Easy free guide to building a bird house. Your feathered friends will appreciate the home!
Building a bird house is a great way to spend time with your children or grandchildren. It’s also a nice thing to do for our feathered friends who live in the wild. Just as we do, birds need protection from the wind, rain, and all the other elements that Mother Nature sends our way.
First, you must decide what type of birds you want to attract to your back yard. People most commonly build relatively compact bird houses for Wrens, Bluebirds, Nuthatches, and other small-sized songbirds. Other birds can be rather difficult to build a house for. The Woodpecker, for example, is a large-sized bird that requires a big house with a big opening. And, the Purple Martin, for another example, is a real persnickety tenant. They insist on having their houses far away from humans, and far up in the air too.
The next thing you must do is to gather your wood for this project. You can choose about any type of wood that you want, except Pine. Pine is a soft wood, and it doesn’t hold up well in the weather. The very best material would be a strong exterior siding.
You will need the following pieces of wood:
2 roof pieces – 3-3/4 inches wide by 6-1/4 inches long; you will also need to drill two small holes-small enough for wood screws- in the middle of the short side of each piece
1 solid base piece – 6-1/4 inches wide by 6 inches long
2 side pieces – 6 inches wide by 5-7/16 inches long at the highest point in the middle. Measure out three inches to each side from the middle point. Make a mark on each side and then draw a straight line from the middle point to the end marks. These ends will measure four inches high after you have cut along the lines. You will also need to make an entrance hole in the middle of one piece that measures one and a half inches in diameter.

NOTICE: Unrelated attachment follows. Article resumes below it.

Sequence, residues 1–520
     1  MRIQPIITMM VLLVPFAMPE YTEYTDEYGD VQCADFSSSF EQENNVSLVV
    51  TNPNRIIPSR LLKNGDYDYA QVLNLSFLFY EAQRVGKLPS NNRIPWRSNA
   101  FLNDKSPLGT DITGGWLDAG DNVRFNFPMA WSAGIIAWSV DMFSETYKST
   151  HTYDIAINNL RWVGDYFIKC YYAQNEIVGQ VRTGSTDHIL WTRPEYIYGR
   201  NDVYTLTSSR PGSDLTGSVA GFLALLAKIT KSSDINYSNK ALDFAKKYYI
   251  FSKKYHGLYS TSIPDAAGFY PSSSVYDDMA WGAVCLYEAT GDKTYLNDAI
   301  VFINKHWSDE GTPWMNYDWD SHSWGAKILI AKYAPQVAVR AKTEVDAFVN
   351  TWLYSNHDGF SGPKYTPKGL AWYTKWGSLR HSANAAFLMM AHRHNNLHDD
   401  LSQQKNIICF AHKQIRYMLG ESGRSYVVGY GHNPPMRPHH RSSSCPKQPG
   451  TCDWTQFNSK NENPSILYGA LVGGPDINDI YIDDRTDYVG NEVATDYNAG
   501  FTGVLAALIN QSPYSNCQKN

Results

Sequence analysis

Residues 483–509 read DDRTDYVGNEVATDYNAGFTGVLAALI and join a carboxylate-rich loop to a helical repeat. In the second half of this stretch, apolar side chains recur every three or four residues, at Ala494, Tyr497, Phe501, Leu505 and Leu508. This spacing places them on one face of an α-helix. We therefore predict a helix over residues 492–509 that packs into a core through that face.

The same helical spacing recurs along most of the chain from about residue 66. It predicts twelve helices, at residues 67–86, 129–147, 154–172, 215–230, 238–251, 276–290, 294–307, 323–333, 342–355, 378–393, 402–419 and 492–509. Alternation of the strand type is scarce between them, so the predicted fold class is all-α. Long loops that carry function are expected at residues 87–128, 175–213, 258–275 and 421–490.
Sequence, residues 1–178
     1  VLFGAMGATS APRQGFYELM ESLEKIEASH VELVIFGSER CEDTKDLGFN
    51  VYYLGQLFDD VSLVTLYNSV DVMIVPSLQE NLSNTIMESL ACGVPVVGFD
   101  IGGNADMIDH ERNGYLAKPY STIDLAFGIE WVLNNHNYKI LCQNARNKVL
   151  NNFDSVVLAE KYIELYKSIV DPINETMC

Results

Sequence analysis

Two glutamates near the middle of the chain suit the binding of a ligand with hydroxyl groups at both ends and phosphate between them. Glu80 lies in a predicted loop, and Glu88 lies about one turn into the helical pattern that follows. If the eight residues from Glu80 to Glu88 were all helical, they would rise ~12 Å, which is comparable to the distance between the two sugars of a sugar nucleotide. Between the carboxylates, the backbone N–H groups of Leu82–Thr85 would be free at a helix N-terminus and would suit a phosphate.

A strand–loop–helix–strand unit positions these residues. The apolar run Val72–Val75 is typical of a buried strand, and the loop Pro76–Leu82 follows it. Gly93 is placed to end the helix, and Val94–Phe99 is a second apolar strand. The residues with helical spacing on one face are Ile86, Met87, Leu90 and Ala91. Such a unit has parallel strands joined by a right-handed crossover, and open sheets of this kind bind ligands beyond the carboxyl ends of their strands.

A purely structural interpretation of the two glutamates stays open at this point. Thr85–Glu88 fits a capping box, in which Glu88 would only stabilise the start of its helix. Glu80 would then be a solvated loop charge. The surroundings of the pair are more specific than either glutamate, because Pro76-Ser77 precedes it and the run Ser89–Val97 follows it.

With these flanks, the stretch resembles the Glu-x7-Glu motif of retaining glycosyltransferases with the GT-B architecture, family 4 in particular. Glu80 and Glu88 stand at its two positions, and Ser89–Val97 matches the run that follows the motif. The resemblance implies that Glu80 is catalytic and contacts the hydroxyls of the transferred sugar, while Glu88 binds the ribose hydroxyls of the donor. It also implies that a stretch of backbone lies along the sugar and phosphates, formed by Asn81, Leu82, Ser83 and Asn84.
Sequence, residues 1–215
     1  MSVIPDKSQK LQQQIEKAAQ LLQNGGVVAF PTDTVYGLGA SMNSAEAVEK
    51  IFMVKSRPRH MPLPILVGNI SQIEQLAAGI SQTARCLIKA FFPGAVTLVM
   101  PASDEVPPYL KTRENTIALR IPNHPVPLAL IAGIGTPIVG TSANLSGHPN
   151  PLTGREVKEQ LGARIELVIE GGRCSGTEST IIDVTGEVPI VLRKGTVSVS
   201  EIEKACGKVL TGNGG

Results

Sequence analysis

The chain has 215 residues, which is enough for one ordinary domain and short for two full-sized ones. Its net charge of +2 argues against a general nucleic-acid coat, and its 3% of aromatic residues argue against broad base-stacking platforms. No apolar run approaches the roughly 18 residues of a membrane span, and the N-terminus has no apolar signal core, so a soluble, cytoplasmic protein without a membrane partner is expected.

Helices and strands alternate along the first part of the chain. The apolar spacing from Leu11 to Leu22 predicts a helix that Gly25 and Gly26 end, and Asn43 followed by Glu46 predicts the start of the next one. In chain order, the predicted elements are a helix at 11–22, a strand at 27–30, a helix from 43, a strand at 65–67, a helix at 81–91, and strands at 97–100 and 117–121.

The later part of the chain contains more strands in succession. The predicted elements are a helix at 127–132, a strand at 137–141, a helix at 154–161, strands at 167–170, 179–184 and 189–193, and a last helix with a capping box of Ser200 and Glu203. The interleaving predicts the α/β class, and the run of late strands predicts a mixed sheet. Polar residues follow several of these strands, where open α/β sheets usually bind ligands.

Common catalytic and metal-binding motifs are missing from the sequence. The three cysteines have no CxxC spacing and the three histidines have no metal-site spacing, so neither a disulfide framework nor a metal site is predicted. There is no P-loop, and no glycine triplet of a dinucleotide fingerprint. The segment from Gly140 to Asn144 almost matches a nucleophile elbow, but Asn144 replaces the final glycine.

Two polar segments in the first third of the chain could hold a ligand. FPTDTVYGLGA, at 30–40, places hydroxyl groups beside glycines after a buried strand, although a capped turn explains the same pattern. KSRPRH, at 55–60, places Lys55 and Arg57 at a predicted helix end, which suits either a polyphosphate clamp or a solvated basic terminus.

2 side pieces – 4 inches wide by 6-1/4 inches long
You will also need some waterproof wood glue, some small brads, some small wood screws, two small screw-in eyelets, and a wire hanger.
The next step is to start the actual building of the bird house. Start by getting the solid base piece and putting it in front of you on your work space. Now, find the two largest side pieces of the bird house. Glue the bottom strip of the solid base, and fit the first side piece onto it. Carefully use a hammer and a few small brads to secure the piece into place. Repeat this process with the second largest side piece.
Next, you will need to securely attach the other, smaller side pieces onto the partially-built bird house. Find the two smaller side pieces of the bird house. Glue the bottom strip of the solid base, and fit the first side piece onto it. Carefully use a hammer and a few small brads to secure the piece into place. Repeat this process with the second smaller side piece.
Now that you have the sides of your bird house in place, it is time to add the roof pieces on. The roof will only be screwed on; it will not require wood glue or brads. Note: The roof is only screwed on so that it is easily removable for access to the inside of the bird house. Find the two wood roof pieces. Play one piece on top of the bird house, covering one side. Make sure the piece is squarely in place, and then secure it to the bird house base with a wood screw. Repeat this process with the second wood piece. Screw the small eyelets into the roof pieces, making sure they are parallel. Attach the wire hanger to the eyelets, and then you can move on to the final step.
Choose a good exterior paint to coat the outside of your bird house. Three or four light coats of paint will give the exterior added protection from the weather. Allow each coat of paint to dry thoroughly before applying the next coat. And, follow the manufacturer’s directions on the paint container.
Finally, hang your bird house outside, and in time, a small bird will take up residence in it.